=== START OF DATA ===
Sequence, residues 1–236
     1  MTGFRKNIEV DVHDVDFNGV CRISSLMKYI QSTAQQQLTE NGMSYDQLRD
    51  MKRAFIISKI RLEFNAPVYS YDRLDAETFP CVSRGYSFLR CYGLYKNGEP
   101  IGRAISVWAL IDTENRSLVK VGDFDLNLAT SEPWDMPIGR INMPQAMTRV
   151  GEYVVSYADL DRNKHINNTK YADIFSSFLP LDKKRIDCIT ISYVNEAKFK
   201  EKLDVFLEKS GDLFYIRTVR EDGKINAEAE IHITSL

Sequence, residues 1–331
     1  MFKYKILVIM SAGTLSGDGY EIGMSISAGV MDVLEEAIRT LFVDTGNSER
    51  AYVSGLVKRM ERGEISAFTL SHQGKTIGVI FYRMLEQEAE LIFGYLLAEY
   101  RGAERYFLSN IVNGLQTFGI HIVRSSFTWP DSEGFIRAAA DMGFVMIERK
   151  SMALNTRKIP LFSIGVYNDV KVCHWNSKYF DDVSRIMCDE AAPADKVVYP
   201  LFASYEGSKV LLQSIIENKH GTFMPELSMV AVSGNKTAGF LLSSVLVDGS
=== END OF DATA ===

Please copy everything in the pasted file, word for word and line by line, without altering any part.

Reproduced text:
Sequence, residues 1–236
     1  MTGFRKNIEV DVHDVDFNGV CRISSLMKYI QSTAQQQLTE NGMSYDQLRD
    51  MKRAFIISKI RLEFNAPVYS YDRLDAETFP CVSRGYSFLR CYGLYKNGEP
   101  IGRAISVWAL IDTENRSLVK VGDFDLNLAT SEPWDMPIGR INMPQAMTRV
   151  GEYVVSYADL DRNKHINNTK YADIFSSFLP LDKKRIDCIT ISYVNEAKFK
   201  EKLDVFLEKS GDLFYIRTVR EDGKINAEAE IHITSL

Sequence, residues 1–331
     1  MFKYKILVIM SAGTLSGDGY EIGMSISAGV MDVLEEAIRT LFVDTGNSER
    51  AYVSGLVKRM ERGEISAFTL SHQGKTIGVI FYRMLEQEAE LIFGYLLAEY
   101  RGAERYFLSN IVNGLQTFGI HIVRSSFTWP DSEGFIRAAA DMGFVMIERK
   151  SMALNTRKIP LFSIGVYNDV KVCHWNSKYF DDVSRIMCDE AAPADKVVYP
   201  LFASYEGSKV LLQSIIENKH GTFMPELSMV AVSGNKTAGF LLSSVLVDGS